Photo: Professor Dogan Gursoy, front right, with WSU and other students and faculty in front of the Grand Palace in Bangkok. Gurosy is in charge of the Thailand summer study abroad program. (Photo courtesy of Dogan Gursoy).
It’s one thing to look at a world map and find Nanjing; it’s another thing to be in Nanjing and realize that, to the people who live there, it’s the center of the world.
“Learning about global issues in a classroom setting remains abstract,” said Andrew Appleton, director of WSU’s Global Studies Program. “However, combined with the experience of actually traveling to another country, it is a powerful enhancement of the undergraduate education.
“Our students need to think in global terms because they will be navigating a complex mosaic of cultures in their future professional settings,” he said.
Appleton suggests three options for increasing global awareness:
Two dozen faculty-led programs are available in 2007 for students who want an international immersion experience of several weeks duration. These short-stay programs are similar to the longer study abroad experiences, which remain the “gold standard,” Appleton said.
The short courses typically are less expensive and less time-consuming alternatives to a semester or year of study abroad, but they still provide students with invaluable experiences. The faculty-led courses (ONLINE @ www.ip.wsu.edu/education_abroad/wsu-students/faculty-led-programs.shtml) have proved very popular. In the 2002-2003 school year, 11 students took a short-stay course abroad. In 2005-2006, that increased to 142.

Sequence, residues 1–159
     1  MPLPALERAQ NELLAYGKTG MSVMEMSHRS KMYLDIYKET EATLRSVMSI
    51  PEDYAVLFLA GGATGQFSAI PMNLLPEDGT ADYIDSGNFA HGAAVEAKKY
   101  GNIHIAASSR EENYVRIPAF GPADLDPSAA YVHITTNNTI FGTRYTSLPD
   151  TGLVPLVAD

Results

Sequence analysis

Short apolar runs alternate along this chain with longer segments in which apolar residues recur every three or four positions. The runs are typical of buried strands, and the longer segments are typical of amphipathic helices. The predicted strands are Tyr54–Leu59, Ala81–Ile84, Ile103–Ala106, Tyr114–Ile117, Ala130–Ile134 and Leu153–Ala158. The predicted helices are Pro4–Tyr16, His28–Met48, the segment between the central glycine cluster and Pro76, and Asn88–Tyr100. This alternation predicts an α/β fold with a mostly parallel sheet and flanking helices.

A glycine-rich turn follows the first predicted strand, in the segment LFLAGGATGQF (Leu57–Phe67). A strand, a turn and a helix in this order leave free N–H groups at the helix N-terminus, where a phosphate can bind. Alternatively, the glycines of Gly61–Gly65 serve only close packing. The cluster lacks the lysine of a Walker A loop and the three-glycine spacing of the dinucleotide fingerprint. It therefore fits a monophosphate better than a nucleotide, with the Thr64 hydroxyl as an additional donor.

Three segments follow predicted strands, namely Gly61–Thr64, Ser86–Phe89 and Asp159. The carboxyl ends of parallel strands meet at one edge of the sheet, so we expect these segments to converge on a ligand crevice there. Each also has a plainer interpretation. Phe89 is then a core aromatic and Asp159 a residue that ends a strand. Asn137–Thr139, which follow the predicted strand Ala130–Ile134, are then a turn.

Faculty interested in leading a program can find more information ONLINE @ www.ip.wsu.edu/education_abroad/faculty/faculty-led-programs.shtml.
Global studies minor
The global studies minor is modular in design, with three separate tracks that make it relevant to any undergrad. This course of study enables students to broaden their perspective, Appleton said, and to learn to think in a wider context. In addition, the minor combines well with general education requirements.
The minor (ONLINE @ www.ip.wsu.edu/global/minor.html) first was offered six years ago; five students enrolled in those first six years. Since Appleton began directing the program last fall, the number of students enrolled has jumped to 20.
The global learning community will open this fall. Eighty undergraduate students will share in this new residential educational experience in Coman Hall on the Pullman campus.
“This is a new initiative that is really exciting,” Appleton said. “We are providing an internationalized experience both in and out of the classroom, with a linked set of courses within the Freshman Focus classes and intensive global studies programming in a new renovated common room at Coman Hall.”
The global learning community also is an experiment.
“We hope these students will study abroad, choose internationally focused majors and boost their satisfaction with WSU,” he said. “We’ll follow their choices to find that out.”